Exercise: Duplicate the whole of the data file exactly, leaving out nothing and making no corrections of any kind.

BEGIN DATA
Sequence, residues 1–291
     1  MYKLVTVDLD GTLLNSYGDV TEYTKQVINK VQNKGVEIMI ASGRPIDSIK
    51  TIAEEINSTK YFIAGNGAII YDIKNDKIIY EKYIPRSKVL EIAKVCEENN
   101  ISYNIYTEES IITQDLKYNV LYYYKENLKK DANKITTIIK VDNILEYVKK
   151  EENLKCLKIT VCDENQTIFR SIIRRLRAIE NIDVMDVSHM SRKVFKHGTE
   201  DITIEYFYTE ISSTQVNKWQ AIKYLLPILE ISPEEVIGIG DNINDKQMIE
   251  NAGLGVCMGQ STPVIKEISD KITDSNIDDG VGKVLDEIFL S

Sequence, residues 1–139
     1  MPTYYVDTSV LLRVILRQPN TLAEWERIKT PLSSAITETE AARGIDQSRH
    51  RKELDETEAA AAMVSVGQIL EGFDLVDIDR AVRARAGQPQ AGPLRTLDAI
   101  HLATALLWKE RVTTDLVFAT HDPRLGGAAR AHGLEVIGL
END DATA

Sequence, residues 1–291
     1  MYKLVTVDLD GTLLNSYGDV TEYTKQVINK VQNKGVEIMI ASGRPIDSIK
    51  TIAEEINSTK YFIAGNGAII YDIKNDKIIY EKYIPRSKVL EIAKVCEENN
   101  ISYNIYTEES IITQDLKYNV LYYYKENLKK DANKITTIIK VDNILEYVKK
   151  EENLKCLKIT VCDENQTIFR SIIRRLRAIE NIDVMDVSHM SRKVFKHGTE
   201  DITIEYFYTE ISSTQVNKWQ AIKYLLPILE ISPEEVIGIG DNINDKQMIE
   251  NAGLGVCMGQ STPVIKEISD KITDSNIDDG VGKVLDEIFL S

Sequence, residues 1–139
     1  MPTYYVDTSV LLRVILRQPN TLAEWERIKT PLSSAITETE AARGIDQSRH
    51  RKELDETEAA AAMVSVGQIL EGFDLVDIDR AVRARAGQPQ AGPLRTLDAI
   101  HLATALLWKE RVTTDLVFAT HDPRLGGAAR AHGLEVIGL